Thursday, August 5, 2021

Dr Fauci: How a Boy From Brooklyn Became America's Doctor by Kate Messner, illustrated by Alexandra Bye

Dr. Fauci: How a Boy From Brooklyn Became
America's Doctor
written by Kate Messner, illustrated by Alexandra Bye
Simon & Schuster BFYR, 2021, 48 pages

For a lot of people, it felt like the world turned upside down in March 2020 as cases of COVID-19 began to rapidly spread and sometimes it felt like no one in high places cared. But, there was one person who did care - Dr. Anthony Fauci, Director of the National Institute of Allergy and Infectious Diseases. But who exactly is this quiet unassuming man with the big smile and characteristic Brooklyn accent? Author Kate Messner apparently asked herself the same question and set out to find the answer and what she discovered was this...

Anthony Fauci was a curious boy, always asking questions about the things he observed in the world and how they actually worked. Lucky for him, Anthony's father was very supportive, helping him with homework when it was needed, and telling him to not get discouraged, to think carefully and try to work problems out. Important advice that Anthony carries with him to this day. His father owned a pharmacy and Anthony worked for him delivering prescriptions to neighborhood people. He also figured out speed was his friend, allowing him to join the older, tougher kids playing stickball in his Bensonhurst neighborhood and later to be on with his high school's basketball team, despite being shorter than most players. 

In high school, Anthony also decided to become a doctor. After graduating college and medical school (first in his class), Anthony went to work at the National Institute of Allergy and Infectious Diseases, where he studied new diseases as they emerged, searching for answers to help people who became sick. Aids, Sars, Ebola, West Nile were all new diseases that needed answers and either cures or vaccines. Then, in 2020, COVID-19 arrived in the United States. 

By now, an expert in his field, Dr. Fauci knew people wanted answers and they wanted them quickly. But, as COVID-19 spread and more and more people became sick, it seemed to were no answers. But, Dr. Fauci knew there had to be a solution. 
Pretty soon, there were guidelines for people to help contain the virus. Dr. Fauci consulted with researchers and doctors around the world. Finally, in less than a year, a vaccine was ready. Maybe life could get back to normal again...until the next challenge. But he was ready for it.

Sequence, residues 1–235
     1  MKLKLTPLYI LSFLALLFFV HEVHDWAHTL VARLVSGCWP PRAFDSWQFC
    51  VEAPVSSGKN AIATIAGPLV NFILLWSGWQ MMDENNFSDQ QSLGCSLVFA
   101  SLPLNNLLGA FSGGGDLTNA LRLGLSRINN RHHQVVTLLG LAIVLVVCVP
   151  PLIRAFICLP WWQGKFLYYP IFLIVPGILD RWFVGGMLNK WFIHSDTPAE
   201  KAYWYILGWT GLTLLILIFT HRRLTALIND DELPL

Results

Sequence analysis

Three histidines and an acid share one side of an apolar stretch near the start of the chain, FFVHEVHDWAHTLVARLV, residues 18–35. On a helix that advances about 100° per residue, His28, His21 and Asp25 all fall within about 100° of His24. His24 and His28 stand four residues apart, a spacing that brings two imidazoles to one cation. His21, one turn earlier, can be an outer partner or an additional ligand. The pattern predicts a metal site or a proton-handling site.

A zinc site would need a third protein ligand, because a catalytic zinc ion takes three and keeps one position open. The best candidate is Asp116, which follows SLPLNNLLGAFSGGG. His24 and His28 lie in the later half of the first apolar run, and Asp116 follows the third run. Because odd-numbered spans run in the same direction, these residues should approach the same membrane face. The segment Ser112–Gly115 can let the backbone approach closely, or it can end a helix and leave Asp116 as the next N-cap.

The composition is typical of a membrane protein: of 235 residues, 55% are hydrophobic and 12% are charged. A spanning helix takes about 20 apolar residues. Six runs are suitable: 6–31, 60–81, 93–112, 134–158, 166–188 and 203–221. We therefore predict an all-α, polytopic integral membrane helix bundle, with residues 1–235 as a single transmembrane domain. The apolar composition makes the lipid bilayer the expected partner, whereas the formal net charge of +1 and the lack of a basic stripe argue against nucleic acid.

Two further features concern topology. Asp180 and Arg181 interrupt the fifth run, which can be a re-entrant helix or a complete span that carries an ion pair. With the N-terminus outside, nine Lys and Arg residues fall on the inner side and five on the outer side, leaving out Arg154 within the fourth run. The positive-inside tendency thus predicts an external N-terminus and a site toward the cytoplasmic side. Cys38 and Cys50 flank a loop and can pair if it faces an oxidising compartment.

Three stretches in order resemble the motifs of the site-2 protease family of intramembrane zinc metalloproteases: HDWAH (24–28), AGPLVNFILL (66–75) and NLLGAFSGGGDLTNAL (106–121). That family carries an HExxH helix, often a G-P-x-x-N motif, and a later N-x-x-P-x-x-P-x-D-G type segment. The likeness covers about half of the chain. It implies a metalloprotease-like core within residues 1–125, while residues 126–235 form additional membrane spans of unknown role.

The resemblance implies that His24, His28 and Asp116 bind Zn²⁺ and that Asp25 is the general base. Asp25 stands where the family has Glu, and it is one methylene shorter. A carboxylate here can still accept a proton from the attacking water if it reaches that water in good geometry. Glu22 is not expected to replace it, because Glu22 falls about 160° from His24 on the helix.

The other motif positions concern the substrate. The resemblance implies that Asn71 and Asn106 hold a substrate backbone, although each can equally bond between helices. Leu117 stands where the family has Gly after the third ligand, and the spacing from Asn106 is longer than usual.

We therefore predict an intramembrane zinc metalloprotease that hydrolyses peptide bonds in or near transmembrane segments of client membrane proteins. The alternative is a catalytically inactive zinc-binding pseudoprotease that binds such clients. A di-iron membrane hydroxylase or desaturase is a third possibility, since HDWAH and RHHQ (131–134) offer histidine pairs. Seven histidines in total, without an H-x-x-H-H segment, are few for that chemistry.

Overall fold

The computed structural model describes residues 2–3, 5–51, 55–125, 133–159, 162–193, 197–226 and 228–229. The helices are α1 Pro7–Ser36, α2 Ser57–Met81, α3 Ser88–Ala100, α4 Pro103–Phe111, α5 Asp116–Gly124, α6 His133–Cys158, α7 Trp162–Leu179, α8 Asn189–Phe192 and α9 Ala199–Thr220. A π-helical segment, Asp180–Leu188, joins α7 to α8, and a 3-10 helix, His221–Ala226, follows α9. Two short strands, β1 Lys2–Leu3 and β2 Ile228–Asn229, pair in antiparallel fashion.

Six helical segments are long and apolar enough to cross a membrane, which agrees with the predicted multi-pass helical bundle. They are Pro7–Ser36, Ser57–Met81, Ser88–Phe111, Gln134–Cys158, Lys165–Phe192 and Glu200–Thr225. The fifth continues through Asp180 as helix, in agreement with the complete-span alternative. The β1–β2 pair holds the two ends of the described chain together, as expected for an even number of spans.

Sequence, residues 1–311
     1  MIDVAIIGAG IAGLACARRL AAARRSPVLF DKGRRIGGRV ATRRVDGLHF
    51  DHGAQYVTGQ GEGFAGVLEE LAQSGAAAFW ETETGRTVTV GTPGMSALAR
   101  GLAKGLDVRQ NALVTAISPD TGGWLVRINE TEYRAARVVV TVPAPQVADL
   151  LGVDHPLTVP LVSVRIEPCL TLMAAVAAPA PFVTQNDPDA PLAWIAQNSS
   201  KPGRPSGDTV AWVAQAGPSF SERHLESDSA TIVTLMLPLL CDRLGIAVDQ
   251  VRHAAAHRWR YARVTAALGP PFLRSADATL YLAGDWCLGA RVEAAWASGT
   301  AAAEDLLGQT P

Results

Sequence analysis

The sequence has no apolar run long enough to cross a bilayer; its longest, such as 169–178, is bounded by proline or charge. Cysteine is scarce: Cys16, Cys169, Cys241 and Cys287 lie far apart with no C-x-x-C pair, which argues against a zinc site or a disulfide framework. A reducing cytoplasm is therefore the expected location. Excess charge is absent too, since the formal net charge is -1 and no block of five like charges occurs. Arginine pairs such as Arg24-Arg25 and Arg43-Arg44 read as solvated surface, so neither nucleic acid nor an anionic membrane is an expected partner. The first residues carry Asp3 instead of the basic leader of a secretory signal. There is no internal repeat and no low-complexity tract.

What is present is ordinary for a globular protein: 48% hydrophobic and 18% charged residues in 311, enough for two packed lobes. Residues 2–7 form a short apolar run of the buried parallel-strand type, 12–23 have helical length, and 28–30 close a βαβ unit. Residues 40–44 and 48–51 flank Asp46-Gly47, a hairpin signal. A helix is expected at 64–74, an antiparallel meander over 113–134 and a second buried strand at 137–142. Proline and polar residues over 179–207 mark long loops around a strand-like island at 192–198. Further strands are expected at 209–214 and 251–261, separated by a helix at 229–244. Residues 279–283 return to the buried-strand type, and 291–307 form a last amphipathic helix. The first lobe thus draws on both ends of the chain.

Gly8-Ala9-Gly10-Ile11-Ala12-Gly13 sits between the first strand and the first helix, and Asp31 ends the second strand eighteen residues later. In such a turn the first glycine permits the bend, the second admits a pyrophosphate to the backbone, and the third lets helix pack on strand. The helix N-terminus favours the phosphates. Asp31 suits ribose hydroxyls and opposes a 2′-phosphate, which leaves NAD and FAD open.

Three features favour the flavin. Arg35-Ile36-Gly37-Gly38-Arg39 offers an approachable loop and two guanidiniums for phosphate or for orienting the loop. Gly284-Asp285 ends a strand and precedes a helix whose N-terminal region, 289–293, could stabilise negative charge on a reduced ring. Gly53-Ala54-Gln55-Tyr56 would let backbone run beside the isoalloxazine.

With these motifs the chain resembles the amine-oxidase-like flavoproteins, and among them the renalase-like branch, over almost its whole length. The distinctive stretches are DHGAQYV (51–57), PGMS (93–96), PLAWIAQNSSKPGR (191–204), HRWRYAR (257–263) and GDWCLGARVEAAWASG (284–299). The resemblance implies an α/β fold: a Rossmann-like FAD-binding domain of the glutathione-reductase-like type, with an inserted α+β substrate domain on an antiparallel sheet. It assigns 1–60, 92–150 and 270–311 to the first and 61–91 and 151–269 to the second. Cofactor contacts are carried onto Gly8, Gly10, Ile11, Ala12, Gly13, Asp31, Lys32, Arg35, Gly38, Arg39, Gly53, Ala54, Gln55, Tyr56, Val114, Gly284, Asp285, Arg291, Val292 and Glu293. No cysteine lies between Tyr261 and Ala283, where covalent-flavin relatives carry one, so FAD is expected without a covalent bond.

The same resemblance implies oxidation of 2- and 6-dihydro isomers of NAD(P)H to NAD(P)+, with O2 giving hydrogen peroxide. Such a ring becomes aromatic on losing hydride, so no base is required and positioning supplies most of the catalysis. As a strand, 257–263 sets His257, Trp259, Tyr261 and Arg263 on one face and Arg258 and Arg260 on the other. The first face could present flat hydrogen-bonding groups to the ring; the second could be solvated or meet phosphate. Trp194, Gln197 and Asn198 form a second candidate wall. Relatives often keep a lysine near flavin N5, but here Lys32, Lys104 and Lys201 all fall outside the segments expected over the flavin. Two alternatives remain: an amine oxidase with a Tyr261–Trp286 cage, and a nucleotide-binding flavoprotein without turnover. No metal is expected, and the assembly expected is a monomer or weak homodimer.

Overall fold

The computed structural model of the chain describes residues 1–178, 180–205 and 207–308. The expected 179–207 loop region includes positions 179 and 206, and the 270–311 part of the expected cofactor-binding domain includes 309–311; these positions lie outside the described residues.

Dr. Fauci: How a Boy From Brooklyn Became America's Doctor is, to say the least, a very timely biography as well as one that is very accessible to young readers who might be worried about what they hear or experience with regard to COVID-19, given all the controversy surrounding mask wearing and vaccines. As always with a nonfiction book written by Kate Messner, it is well researched and thought out resulting in a very inspiring picture of a man we see so often on television, but don't really know.

The cartoon-style digitally rendered illustrations are colorful, diverse and have lots of kid appeal. Most are two page full-bleed spreads that contribute so much additional detail to the text. 

Messner has also included some important back matter including information on how vaccines work and their safety. My favorite part is "Dr. Fauci's Five Tips for Future Scientists" written by Dr. Fauci. There is also a Time Line of his life, recommended reading and Messner's list of Sources, as well as some of Dr. Fauci's personal photographs. She also had a Zoom interview with Dr. Fauci in November 2020.  

You can find a detailed, 9-page Educator's Guide for this book HERE

I'm a Brooklyn girl and a big fan of Dr. Fauci, so you know I really scrutinized this book and I found it to be an excellent biography. And even though I don't like needles one bit, I got pfizered on Dr. Fauci's recommendation. 

This book is recommended for readers age 4+
This book was provided to me by Audrey Gibbons at Simon & Schuster

1 comment:

  1. I'm really looking forward to getting ahold of this book and reading a copy, especially after reading your review! It sounds like a fascinating (and of course timely) read, and I love the illustration style as well. Thanks so much for the great review!


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